AMU2455 Entry 2: The Learning Experience
Through the experiences that I’ve been through with this programme, I’ve learnt that the best way to identify a problem is to either engage with stakeholders that go on-site or make policies, or go on-site by yourself, as that’s the only way you would be able to see the whole picture. This can be done through interviews, seminars, question and answer sessions and engaging with stakeholders and local residents. (Clements, 2022) To develop responses to a problem, I’ve learnt from stakeholders that the best option is to come up with a thorough plan and implement it on a small scale to test the waters, followed by large scale implementation if the test run was successful.
To come up with a thorough plan, various solutions need to be researched and various scenarios need to be simulated, and all stakeholders involved must be informed. For example, at the Penang Institute, it was shown that in order to preserve the cultural heritage of traditional Chinese clan corporations (kongsi’s), they had to engage with key stakeholders related to the corporations which included committee members and members, and ask them to go through past meeting minutes, translate various documents into modern-day variations of languages as well as survey what the younger generations would want. (Moroter, 2019)
My team experience for the presentation activity was rather eye-opening and interesting as all of my other team members were from Australian campuses. It was an eye-opener compared to the people I was used to in terms of working with on group projects, who were usually local students from the Malaysian campuses, or international students who had picked up on Malaysian culture in terms of group work. I’ve learnt that it is certainly a universal thing to start work later than recommended, but at the same time it is also a universal thing that you will be more motivated to finish your work as fast as you can when you’re closer to the deadline. A new experience included separating personal conversations from the assignment group, as when I did group work with Malaysian campus students, our assignment processes usually got disrupted with personal conversations taking place during discussion times, but this was not an issue with the Australian campuses’ students.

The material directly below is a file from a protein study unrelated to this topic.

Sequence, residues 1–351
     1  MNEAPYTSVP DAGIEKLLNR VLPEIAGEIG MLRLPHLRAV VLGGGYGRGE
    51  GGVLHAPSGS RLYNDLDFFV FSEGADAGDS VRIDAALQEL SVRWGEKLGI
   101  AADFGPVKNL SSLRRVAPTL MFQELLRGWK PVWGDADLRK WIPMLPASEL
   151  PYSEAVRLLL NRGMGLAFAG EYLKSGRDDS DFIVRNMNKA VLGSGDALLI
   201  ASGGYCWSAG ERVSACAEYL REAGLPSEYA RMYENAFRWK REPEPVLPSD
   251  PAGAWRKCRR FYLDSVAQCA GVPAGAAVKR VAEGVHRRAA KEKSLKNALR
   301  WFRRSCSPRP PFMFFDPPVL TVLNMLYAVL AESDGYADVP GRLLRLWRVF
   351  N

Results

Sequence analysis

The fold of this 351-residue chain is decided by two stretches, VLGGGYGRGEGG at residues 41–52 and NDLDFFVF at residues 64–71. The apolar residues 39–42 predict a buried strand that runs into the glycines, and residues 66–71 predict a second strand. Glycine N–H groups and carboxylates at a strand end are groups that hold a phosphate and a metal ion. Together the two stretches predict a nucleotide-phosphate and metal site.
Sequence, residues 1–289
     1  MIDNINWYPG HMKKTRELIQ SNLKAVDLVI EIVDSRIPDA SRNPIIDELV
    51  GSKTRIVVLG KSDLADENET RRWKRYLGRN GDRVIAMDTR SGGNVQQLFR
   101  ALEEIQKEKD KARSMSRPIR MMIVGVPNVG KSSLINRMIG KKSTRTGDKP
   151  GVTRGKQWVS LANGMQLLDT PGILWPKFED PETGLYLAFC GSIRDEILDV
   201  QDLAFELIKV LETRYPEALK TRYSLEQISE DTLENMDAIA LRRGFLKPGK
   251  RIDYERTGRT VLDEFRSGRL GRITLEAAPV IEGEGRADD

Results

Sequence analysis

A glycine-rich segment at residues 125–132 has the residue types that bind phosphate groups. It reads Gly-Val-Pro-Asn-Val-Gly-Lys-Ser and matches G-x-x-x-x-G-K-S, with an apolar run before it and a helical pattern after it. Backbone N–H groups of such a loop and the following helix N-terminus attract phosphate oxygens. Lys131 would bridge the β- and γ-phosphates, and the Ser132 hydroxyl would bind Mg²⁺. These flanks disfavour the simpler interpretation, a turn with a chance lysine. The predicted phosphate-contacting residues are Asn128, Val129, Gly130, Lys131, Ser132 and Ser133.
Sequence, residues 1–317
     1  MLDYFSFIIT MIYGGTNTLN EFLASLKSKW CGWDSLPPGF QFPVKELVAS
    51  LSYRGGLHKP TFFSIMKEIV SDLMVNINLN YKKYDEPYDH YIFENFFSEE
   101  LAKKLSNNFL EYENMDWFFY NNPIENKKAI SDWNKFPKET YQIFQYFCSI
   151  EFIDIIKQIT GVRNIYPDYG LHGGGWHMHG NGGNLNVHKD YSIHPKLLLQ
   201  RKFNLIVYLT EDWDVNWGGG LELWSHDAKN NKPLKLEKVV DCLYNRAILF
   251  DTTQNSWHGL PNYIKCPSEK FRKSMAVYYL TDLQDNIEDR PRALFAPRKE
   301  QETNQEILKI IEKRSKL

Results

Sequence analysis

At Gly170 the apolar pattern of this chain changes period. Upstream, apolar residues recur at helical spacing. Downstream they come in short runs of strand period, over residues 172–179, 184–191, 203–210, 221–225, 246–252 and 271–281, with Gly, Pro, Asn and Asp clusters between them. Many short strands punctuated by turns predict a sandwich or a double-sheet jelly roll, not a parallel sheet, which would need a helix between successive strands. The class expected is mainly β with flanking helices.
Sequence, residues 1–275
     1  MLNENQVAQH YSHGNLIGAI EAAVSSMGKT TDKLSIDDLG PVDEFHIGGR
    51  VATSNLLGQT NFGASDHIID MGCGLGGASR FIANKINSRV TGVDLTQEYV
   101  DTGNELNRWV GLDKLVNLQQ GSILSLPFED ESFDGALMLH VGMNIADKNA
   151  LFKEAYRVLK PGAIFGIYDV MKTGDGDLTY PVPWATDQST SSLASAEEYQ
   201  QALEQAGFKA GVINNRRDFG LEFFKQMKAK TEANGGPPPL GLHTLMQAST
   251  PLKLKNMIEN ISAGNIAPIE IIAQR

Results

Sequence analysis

Over the course of the two weeks’ that we had for the programme, I’ve learnt a lot about environmental and heritage conservation. This included the problems that are happening, and proposed solutions. We ourselves as a team also came up with some solutions to problems during workshops. I’ve also had some great opportunities to host students from the Australian campus at my home during our free time, and letting them meet my parents, and have discussions with them about day-to-day life, which was certainly a new experience for all of us. I would say that meeting with all the stakeholders were meaningful, as we got the opportunity to experience different levels of stakeholders in terms of the socio-ecological model, from individuals such as locals and business owners to communities like the Penang Heritage Trust and Consumers’ Association of Penang, and those at the Societal level like the Penang Institute who are involved in policy making for the State Government of Penang. (Stokols, 2018)
My greatest challenge was my physical health, as all the travelling on the road and the hot weather made me fall sick, which resulted in me being uncomfortable for most of the trip. Beyond that, there was also a challenge faced as some locals refused to be interviewed, so we couldn’t cover all bases. The best achievements we made were being able to explore the streets ourselves, whereas we know that some other groups were sent on guided tours with stakeholders, and my personal opinion was that being able to freely walk around is always the best way to do research in order to identify problems and create solutions.